Does This Mean I'm Growing Up?

By: Josie Smith

I’ve had a number of “Does this mean I’m growing up?” moments recently. The scale includes, "Apparently it is possible to get sick of Mac-n-Cheese," and the equally disheartening, "There is a noticeable difference between tolerating someone and being nice". Each circumstance involved unanticipated consequences, and a tiny promotion on the maturity scale. However, my most prevalent “grown up” realization is this: not everyone thinks the same way I do. We handle stress, show affection, and express excitement within the same situation in a thousand different ways. So how do we learn to navigate relationships and deal with the way others handle things?

Give people what they want, not what you would want.

 We tend to be a tad selfish – we understand the way we personally react to a given situation better than anything else. So it’s natural to treat others the way we would want to be treated. But while I may want sweets and lots of distraction after a hard day, you may need to be alone for a while to process. Don’t assume everyone thinks the same way you do.

Watch others handle conflict.

I have a horrible temper; my first instinct when I’m upset is to make that fact quite obvious. But in my experience, that rarely (okay never) makes things easier. Paying attention to how other people handle conflict can teach you a different tactic, as well as show you how to treat them in the future. No one handles argument gracefully every time - but occasionally, someone gets it right.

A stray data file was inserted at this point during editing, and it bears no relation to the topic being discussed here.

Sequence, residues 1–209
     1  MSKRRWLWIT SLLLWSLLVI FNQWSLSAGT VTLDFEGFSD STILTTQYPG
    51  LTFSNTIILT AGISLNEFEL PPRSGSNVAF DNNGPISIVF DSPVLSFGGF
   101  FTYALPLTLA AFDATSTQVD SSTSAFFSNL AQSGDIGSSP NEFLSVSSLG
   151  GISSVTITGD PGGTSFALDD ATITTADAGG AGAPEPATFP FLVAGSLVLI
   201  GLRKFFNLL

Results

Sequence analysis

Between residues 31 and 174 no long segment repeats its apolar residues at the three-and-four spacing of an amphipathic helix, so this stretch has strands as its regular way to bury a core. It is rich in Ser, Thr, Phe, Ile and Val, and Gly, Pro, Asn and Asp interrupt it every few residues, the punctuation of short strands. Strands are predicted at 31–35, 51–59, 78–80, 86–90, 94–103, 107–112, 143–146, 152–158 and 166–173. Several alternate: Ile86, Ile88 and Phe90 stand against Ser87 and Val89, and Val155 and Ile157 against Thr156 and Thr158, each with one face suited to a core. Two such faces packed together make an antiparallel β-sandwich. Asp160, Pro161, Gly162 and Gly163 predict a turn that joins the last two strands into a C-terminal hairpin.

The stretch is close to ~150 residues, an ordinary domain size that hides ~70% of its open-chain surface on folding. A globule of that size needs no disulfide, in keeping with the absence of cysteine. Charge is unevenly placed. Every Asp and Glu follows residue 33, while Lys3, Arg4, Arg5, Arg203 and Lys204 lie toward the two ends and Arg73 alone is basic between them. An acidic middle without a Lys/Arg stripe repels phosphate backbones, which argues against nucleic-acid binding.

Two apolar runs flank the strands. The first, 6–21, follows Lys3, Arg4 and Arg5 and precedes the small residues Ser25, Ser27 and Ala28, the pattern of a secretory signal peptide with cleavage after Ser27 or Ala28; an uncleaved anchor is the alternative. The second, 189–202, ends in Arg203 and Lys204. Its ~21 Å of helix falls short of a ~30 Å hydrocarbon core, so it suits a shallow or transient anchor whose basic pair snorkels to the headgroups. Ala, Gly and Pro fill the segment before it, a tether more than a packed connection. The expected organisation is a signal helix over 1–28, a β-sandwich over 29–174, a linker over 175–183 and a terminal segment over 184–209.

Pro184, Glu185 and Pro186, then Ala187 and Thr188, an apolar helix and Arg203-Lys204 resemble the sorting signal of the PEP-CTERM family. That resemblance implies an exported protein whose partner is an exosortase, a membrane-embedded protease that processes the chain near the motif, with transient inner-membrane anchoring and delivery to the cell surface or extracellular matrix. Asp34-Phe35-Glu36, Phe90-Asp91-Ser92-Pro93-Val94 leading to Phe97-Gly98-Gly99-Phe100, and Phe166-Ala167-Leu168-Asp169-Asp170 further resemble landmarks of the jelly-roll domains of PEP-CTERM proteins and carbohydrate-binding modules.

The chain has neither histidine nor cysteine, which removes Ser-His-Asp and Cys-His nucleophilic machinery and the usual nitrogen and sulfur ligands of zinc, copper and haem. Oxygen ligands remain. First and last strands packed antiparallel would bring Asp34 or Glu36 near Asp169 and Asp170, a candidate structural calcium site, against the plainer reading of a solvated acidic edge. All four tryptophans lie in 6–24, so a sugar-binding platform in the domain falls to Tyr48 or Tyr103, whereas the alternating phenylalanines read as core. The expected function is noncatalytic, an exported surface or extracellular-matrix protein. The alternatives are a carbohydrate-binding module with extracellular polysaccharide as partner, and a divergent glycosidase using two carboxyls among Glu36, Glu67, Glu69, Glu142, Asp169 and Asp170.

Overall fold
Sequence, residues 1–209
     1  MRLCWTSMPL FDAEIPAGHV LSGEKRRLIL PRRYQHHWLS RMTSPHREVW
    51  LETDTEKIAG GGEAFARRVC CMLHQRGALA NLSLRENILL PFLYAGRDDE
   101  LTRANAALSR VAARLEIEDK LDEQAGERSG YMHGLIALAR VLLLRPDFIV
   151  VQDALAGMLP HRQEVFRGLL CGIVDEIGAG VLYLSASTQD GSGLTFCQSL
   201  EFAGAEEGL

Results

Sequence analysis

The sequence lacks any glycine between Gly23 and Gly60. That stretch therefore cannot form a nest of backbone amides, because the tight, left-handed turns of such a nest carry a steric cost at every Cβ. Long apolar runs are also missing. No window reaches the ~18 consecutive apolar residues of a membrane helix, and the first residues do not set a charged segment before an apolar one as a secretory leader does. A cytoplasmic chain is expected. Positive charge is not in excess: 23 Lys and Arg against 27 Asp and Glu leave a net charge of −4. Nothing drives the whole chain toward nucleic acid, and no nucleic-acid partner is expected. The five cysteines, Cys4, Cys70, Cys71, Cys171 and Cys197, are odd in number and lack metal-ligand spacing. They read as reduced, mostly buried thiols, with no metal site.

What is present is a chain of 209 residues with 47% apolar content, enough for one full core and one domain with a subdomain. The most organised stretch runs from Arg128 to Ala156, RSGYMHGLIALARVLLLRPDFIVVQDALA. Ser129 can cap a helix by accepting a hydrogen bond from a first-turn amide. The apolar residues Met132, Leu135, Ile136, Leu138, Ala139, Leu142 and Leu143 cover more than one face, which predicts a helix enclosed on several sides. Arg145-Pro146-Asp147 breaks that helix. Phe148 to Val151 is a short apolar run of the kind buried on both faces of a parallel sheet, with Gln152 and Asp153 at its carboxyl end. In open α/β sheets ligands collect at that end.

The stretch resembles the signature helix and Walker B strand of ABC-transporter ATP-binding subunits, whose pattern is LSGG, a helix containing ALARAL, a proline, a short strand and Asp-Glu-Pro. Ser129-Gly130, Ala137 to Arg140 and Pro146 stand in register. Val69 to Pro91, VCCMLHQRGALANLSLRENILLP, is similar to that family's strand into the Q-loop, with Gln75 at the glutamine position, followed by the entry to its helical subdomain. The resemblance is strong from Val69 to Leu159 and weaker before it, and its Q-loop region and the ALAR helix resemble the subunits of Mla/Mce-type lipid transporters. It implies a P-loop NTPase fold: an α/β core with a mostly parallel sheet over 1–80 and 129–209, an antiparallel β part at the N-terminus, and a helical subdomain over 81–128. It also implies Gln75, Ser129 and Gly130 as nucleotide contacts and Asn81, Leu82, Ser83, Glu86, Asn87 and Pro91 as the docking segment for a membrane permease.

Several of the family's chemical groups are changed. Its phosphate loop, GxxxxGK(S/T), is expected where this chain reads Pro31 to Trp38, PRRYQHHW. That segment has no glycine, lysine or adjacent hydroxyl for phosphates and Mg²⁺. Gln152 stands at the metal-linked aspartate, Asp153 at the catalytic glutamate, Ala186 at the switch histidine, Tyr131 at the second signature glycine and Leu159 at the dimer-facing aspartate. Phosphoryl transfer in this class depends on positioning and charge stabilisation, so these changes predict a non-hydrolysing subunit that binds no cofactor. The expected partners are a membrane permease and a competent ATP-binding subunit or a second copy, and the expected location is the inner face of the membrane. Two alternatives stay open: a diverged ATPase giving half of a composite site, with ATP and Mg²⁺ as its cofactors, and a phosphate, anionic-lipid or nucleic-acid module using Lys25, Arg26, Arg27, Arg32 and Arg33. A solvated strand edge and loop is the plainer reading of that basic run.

Don’t be afraid to ask.

You don’t have to launch a secret recon mission to figure out what people need from you. Simply asking, “What can I do for you?” or, “Do you want to talk?” is much more effective, and leaves less room to inadvertently make things worse. At the same time, be willing to share what you do and don’t need from your friends.

Whether we’re 15 or 45, we’re going to have to interact with people. Conflict is inevitable; you will argue, you’ll have your feelings hurt, and you will experience miscommunication. Learning to consider how others differ from you helps maintain our relationships, and gives us the opportunity to mature in our own lives.

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